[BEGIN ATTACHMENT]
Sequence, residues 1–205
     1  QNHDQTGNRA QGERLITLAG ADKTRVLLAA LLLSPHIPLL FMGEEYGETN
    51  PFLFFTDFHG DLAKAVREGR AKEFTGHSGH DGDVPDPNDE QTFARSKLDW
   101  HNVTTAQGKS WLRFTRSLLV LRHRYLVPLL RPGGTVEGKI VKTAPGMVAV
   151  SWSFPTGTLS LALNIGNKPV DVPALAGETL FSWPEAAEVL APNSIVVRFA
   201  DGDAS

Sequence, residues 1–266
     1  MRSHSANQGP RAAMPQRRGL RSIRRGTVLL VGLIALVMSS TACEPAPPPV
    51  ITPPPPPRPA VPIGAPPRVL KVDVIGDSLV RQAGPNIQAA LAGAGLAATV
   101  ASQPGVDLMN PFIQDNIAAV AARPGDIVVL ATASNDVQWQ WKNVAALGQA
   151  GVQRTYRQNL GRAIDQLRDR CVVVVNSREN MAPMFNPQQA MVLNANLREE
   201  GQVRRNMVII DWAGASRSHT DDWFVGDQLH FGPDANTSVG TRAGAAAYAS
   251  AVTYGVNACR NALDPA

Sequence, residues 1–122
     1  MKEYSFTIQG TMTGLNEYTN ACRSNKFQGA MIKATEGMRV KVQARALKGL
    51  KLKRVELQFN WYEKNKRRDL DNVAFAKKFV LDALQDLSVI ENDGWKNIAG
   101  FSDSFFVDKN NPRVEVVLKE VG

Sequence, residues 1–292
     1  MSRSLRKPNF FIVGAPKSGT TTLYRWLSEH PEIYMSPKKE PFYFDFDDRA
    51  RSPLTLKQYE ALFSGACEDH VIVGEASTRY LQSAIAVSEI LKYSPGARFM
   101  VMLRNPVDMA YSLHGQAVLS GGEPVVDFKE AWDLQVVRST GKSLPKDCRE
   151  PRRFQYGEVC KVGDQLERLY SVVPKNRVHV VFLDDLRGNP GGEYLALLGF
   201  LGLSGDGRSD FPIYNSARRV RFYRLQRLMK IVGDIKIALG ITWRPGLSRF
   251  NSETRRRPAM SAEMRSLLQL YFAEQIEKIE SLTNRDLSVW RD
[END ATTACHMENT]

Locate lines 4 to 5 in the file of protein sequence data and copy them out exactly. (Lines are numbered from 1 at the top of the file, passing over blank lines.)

   101  HNVTTAQGKS WLRFTRSLLV LRHRYLVPLL RPGGTVEGKI VKTAPGMVAV
   151  SWSFPTGTLS LALNIGNKPV DVPALAGETL FSWPEAAEVL APNSIVVRFA